Testing React Applications with Karma, Jest or Mocha

Testing React Applications with Karma, Jest or Mocha

Posted by Martin Bielik | August 9, 2016 | javascript, react, testing

Nowadays in the ever changing “world of JavaScript and React” there are many libraries which could be used to test React components. It could be hard especially for newcomers to find out which library suits their problems best.

In generall test frameworks are expected to:

  • provide test structure (Mocha, Jasmine, Jest)
  • run tests and display test results (Mocha, Jasmine, Jest, Karma)
  • make assertions (Chai, Jasmine)
  • support mocks, spies, stubs (Sinon.JS, Jasmine)
  • generate code coverage reports (Istanbul)

Furthermore when you test React app you also need some utilities to work with JSX, rendering or shallow rendering, component traversing or simulating user actions. This is job for React Test Utils or Enzyme.

In this blog I will focus on most used test runners to test React components (Karma, Jest and Mocha), it’s features and try to compare it.

Karma

Karma allows you to run your tests in real browsers. It is a great feature especially when your application is supposed to support multiple browers or legacy browsers. Furthermore you can run test remotly using webdriver or services like SauceLabs or BrowserStack. You can run your tests in multiple browsers with installing relevant launcher and just a few lines of configuration.

For example adding firefox browser to test configuration:

and inside configuration file:

It supports all major browsers including Phantom.js and can be also run inside Node.js using jsdom. Just to mention it is common to use Karma with other test runners like Mocha or Jest.

Some dev says that it’s worthless to run unit test suites against real browsers and you should write end to end tests instead. However e2e tests are expensive, take longer to run and mostly don’t cover each use case. I think Karma offers easy and fast solution to find compatibility bugs (if you fail, you will fail fast). It is definitely worth to try!

Jest vs. Mocha

The big debates are whether to use Jest or Mocha. Both are great libraries, each has its own pros and cons. Alghough Jest is officially recommended by Facebook developers, it seems that Mocha stack is more popular (especially in combination with Enzyme).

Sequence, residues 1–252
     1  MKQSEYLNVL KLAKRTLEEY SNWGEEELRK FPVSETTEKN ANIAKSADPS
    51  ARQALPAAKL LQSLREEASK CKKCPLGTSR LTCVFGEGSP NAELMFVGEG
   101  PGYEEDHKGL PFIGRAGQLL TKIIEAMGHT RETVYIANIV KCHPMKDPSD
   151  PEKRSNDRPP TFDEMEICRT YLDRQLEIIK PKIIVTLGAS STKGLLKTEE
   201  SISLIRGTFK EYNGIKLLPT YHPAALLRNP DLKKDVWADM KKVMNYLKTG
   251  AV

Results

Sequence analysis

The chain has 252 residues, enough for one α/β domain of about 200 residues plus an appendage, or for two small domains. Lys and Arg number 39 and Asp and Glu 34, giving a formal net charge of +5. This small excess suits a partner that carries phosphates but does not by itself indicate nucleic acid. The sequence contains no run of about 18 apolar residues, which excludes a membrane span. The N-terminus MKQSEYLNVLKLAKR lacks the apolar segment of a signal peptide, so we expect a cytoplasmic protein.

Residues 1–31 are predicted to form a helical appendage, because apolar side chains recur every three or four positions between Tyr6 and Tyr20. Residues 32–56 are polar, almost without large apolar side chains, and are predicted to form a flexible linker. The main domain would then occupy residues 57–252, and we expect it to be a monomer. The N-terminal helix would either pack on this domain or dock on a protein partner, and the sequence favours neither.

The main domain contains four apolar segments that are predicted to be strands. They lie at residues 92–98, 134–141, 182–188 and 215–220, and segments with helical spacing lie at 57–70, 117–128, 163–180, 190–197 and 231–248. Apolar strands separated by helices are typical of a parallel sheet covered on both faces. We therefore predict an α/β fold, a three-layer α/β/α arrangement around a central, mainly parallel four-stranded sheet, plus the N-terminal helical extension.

The main difference is in (futuristic) Jest’s approach  “auto mocking” – Jests developers decided to mock every dependency except tested unit. It is not a good or bad approach, it’s just different. In applications where you need to mock every dependency in most cases it can dramatically reduce boilerplate and ease writing tests. However when you test React you don’t exclusively need auto mocking while there are utilities (React Test Utils) which provides shallow rendering. Test utilities like Enzyme offers a lot of helpful methods to render, assert and traverse components, simulates clicks and other. Auto mocking is expensive and tests lasts mentionably longer what is (to be honest) really pain during development.

Next difference is that Jest uses Jasmine 2 as default for assertions, mocking and it also has its own mocking methods. On the other hand Mocha is more flexible and you can choose what you need and like. It can be used together with any other assertions or mock library (Chai, Sinon.JS, …).

Some claims that installation, setup and configuration of Jest tests is less complicated that Mocha. That could be true since Jest is all in one package and you need to setup for example assertion library when using Mocha. But the effort is minimal and this criteria definitely shouldn’t be deciding. In my personal experience I ran into trouble when first tried to setup Jest which auto mocks whole node_modules. It didn’t run my tests and I must explicitely configure which modules not to mock which was more confusing than the whole Mocha setup.